Often lumped together with these two, but from an entirely different family of birds, is the swift, which has distinctive swept-back wings and entirely dark plumage. They generally are seen high in the sky, particularly over ancient towns with convenient church towers to nest in (try Wye or Sandwich), as well as over Walthamstow Wetlands in north east London, but can sometimes come quite close to the ground in pursuit of food. Their distinctive screaming call is often what alerts you to their presence. They are amazing birds, spending up to four years in the air, and landing only to raise young. Among the activities they can do while on the wing are mating, sleeping (they spiral up into the air and fly downwards in big curves) and collecting nesting material - floating wisps of grass, leaves and feathers, which they cement into a nest by using their saliva. Sadly, like so many other birds, they have shown sharp declines in numbers in recent years.

Near houses you can hear the twittering of sparrows, once very common and now maybe making a bit of a comeback. Greenfinches are also almost exclusively found near habitation, where the males are easy to see as they sit on high perches making their "squeezh" of a mating call, though once again their numbers have declined quite noticeably in recent years. Goldfinches sing from similar positions. Their song sounds almost identical to the communal chatter they make in winter, though it is usually lone males singing at this time of year (often from a television aerial on top of a house, though also on the top of bushes and low trees). In addition, they occasionally twitter excitedly as they fly past in small groups, a sound which is easy to confuse with that made by swallows.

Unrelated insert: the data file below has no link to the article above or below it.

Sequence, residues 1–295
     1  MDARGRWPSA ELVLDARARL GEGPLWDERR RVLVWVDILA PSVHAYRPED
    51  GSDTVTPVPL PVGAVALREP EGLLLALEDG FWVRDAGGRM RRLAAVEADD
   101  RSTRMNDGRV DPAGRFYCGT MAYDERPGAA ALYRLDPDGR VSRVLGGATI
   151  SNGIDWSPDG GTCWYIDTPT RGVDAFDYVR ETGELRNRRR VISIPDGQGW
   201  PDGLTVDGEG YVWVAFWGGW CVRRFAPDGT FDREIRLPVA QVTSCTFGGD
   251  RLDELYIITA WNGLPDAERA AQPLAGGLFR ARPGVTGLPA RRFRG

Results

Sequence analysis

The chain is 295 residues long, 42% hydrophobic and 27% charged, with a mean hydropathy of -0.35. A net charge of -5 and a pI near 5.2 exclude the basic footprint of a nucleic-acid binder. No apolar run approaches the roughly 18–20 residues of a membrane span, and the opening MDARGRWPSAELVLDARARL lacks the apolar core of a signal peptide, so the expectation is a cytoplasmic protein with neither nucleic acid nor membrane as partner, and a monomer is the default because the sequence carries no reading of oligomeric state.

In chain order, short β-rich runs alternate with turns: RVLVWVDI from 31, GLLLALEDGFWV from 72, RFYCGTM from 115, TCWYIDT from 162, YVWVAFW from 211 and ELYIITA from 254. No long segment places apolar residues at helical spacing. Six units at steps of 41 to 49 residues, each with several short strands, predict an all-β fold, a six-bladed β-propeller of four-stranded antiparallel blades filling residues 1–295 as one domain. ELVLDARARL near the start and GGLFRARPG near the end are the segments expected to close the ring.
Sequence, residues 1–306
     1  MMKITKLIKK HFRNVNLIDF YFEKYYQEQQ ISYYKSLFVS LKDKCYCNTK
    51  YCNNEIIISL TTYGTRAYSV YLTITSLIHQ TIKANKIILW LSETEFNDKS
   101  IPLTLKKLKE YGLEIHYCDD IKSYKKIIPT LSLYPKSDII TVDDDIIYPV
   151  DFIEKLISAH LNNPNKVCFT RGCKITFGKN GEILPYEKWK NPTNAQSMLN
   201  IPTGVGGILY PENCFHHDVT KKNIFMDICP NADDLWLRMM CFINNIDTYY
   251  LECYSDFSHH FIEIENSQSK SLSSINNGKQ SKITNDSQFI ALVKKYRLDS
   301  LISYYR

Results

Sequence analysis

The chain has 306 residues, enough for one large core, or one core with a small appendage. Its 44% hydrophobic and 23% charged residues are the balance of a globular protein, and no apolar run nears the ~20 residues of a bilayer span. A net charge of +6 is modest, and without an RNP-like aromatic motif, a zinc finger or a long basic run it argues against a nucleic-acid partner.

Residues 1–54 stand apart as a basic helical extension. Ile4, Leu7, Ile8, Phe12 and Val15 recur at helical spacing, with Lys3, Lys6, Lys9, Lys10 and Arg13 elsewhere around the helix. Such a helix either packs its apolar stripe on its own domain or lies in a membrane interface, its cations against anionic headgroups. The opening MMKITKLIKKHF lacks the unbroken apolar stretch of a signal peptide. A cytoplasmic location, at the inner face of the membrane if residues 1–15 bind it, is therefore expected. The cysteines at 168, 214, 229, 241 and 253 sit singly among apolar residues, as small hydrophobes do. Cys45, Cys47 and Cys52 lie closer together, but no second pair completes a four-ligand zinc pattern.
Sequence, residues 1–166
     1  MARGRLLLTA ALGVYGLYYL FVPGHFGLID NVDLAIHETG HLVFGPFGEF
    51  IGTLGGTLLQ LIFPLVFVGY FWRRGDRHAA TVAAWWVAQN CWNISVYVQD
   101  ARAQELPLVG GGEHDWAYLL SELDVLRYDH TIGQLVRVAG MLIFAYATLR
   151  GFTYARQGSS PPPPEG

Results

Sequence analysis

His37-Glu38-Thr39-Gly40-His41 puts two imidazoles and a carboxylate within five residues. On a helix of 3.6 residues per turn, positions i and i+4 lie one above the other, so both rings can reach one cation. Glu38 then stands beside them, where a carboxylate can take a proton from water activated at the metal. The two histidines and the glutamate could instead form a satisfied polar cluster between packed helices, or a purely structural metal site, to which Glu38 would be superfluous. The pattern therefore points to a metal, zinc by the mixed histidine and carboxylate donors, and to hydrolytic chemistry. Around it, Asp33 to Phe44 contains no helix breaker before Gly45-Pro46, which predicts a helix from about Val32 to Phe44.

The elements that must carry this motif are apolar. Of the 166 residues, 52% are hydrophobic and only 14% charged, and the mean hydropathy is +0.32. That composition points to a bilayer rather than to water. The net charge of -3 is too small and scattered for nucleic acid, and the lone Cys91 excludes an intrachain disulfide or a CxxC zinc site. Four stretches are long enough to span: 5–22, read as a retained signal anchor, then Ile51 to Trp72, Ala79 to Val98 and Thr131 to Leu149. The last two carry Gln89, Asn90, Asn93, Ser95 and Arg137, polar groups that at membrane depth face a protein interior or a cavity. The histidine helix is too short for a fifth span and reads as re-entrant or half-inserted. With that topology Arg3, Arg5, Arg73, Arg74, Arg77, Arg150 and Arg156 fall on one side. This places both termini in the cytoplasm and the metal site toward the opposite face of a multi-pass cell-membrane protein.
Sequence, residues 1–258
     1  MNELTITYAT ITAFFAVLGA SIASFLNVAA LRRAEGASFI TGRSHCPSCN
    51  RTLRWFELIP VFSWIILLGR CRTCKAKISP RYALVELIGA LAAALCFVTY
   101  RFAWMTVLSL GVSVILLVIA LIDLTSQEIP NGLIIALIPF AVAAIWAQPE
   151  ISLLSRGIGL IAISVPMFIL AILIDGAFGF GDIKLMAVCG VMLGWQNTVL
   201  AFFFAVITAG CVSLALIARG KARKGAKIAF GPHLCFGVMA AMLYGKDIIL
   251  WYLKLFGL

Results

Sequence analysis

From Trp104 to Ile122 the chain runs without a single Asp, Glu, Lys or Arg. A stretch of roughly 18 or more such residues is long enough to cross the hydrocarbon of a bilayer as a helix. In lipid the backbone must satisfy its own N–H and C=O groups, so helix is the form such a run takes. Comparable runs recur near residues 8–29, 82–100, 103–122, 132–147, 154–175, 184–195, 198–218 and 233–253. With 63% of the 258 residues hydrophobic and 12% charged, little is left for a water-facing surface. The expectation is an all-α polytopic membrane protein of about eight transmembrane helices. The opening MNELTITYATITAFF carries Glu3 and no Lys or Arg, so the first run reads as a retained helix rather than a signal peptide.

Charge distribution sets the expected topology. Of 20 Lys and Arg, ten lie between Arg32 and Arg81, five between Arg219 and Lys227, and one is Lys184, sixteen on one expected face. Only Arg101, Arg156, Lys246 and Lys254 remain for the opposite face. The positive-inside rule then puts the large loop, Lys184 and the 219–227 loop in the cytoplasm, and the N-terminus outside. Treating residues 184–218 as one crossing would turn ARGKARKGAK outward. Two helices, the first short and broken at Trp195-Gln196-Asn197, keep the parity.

Around habitation - in villages and more rural suburbs - is also where you hear the cooing of collared doves - "hoo-hooo hoo": look for them on chimney pots - or the "hoo-HOO-HOO-hoo-hoo" of the wood pigeon. The latter can also be heard in the countryside, and both birds sing throughout May, though not with any great intensity. A bit less common and much more inconspicuous is the repeated throaty "woo" of the stock dove, more of a woodland bird.

In fields with hedgerows or on scrubby downland or clifftops, listen out for the quiet but penetrating song of the yellowhammer, which is a rapid series of notes a little bit like a blue tit's mating call, followed by a long drawn out "eee" - but the bird often leaves out the "eee". (One can get quite tense wondering if the wretched thing is going to finish the phrase or not!). As you might expect, yellowhammers have lovely bright yellow plumage on their heads and breasts, and they usually perch prominently on a bush. But they are nonetheless remarkably difficult to spot.